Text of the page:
Another important element of Colescott's work is his approach to composition; he likes to fill his pictures with lots of people and plenty of narrative, often cataclysmic, action. This heightens the fun while establishing a broad social base for the content. For instance An Attack by Animal Activists depicts a nightlife scene in which well-heeled urbanites have just left their cabs and limos to attend an environmental benefit at a large theater. Women in furs and their escorts in top hats and black coats are being accosted by costumed activists.The masquerading marauders toss buckets of red paint on the fur coats and slice at them with scissors as the women wearing them try to flee. A few dogs get into the act, gnawing at an upper-crust ankle here, tearing at an enemy coat there. The social decorum of the charity event has dissolved into a violent melee. Colescott further pumps up the melodrama by skewing the composition's perspective. In the background, the lines of the theater and other buildings on the street lean in different directions. They look as though they are about to collapse backward or forward, perhaps onto the affluent fur-coat class by whom and for whom they were built.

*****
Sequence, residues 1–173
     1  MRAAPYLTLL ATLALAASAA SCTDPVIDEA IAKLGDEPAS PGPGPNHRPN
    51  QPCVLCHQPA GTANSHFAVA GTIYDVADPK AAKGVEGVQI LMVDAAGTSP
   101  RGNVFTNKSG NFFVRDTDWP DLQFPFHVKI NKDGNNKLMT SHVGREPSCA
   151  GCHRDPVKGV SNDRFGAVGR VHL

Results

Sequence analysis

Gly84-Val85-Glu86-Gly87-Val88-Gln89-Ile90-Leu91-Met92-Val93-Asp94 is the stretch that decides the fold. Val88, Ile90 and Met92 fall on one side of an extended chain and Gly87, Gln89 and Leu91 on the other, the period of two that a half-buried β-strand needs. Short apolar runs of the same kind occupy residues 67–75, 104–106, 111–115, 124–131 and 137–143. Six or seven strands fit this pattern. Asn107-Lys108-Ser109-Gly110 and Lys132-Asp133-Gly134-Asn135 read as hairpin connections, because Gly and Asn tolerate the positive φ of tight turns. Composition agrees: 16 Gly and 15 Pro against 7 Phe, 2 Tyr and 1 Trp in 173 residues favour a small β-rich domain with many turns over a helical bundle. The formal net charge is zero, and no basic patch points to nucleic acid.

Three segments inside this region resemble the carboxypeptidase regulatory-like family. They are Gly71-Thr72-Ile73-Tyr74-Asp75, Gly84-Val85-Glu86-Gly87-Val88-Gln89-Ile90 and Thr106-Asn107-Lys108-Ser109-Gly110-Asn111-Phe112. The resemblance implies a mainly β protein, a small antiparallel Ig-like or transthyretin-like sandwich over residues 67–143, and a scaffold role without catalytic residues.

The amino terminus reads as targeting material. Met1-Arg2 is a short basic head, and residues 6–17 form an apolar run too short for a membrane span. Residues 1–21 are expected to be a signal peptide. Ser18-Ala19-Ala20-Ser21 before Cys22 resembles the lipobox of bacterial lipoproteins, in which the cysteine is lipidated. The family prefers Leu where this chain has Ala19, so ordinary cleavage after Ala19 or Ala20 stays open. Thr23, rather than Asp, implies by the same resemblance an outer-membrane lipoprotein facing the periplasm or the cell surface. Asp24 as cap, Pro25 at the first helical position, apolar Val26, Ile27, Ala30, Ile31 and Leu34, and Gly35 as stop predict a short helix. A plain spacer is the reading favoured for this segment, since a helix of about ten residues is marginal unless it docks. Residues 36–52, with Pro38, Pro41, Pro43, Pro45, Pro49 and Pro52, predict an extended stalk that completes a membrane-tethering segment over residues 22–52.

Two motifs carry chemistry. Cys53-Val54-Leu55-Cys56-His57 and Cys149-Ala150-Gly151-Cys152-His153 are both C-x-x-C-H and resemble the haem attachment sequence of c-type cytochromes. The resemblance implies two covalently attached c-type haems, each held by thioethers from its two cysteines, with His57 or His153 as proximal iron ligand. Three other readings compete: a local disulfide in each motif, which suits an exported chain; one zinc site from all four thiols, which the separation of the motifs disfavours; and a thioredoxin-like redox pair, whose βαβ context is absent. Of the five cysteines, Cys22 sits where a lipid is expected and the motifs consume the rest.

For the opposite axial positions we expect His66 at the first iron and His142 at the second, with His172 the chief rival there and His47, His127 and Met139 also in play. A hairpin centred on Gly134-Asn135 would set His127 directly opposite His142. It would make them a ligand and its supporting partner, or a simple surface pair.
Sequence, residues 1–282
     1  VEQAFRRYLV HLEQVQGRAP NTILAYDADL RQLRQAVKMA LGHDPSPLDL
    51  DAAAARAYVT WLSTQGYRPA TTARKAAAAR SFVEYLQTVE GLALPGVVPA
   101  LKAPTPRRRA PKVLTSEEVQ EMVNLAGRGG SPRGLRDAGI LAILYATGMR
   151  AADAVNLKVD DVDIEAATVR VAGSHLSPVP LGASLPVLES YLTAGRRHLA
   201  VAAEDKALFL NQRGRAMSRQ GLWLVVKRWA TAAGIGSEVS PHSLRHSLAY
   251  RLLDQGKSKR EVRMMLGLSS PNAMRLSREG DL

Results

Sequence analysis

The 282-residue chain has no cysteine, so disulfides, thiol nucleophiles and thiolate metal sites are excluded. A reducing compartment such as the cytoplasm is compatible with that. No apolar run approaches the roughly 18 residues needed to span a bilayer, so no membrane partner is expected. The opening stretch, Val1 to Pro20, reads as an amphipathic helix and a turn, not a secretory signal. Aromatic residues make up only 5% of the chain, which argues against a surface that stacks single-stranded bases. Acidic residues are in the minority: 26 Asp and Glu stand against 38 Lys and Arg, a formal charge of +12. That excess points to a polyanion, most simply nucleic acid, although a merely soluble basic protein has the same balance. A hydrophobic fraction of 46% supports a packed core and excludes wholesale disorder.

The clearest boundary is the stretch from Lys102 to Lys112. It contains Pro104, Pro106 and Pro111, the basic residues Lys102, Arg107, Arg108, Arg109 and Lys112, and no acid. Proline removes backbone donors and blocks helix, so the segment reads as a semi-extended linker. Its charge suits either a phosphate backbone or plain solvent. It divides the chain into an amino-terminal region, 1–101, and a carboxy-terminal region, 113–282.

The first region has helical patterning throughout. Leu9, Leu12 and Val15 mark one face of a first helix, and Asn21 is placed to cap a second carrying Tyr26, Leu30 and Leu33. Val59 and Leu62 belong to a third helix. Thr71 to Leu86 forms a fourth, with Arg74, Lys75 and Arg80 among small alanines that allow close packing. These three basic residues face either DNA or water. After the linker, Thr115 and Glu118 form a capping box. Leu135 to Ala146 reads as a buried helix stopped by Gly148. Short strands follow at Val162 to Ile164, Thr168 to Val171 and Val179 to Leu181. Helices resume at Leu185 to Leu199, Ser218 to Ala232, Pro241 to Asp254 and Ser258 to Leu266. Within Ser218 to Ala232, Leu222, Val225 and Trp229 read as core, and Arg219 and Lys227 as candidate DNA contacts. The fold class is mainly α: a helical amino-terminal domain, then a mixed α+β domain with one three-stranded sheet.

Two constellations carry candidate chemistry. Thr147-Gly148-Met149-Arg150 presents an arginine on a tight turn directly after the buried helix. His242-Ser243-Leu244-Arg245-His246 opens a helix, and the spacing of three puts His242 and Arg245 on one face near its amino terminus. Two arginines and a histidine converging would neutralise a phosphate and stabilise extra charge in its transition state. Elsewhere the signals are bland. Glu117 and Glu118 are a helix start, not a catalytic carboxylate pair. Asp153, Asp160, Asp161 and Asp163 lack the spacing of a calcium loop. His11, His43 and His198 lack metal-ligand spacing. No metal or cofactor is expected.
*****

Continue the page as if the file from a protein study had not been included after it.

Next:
The obvious irony of wearing a fur coat to an environmental benefit points didactically to the difference between what people do and what they say they believe. But it seems almost impossible to live daily life while maintaining a perfect one-to-one correspondence between action and principle. So where do we draw reasonable lines? Fur coats are a sad and horrible symbol of unnecessary exploitation, but what about the leather jacket hanging in my closet? Should I wear it, bury it, or give it to a needy person?